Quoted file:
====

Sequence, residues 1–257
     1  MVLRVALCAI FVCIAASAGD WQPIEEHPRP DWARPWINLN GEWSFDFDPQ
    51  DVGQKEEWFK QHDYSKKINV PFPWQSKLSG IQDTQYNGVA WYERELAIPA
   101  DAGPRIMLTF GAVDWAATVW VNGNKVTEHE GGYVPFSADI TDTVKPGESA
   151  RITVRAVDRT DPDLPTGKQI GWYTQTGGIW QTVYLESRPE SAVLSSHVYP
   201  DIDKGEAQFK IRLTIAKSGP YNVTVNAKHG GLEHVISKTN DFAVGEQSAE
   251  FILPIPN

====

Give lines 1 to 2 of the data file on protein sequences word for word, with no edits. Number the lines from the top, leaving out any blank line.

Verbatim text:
Sequence, residues 1–257
     1  MVLRVALCAI FVCIAASAGD WQPIEEHPRP DWARPWINLN GEWSFDFDPQ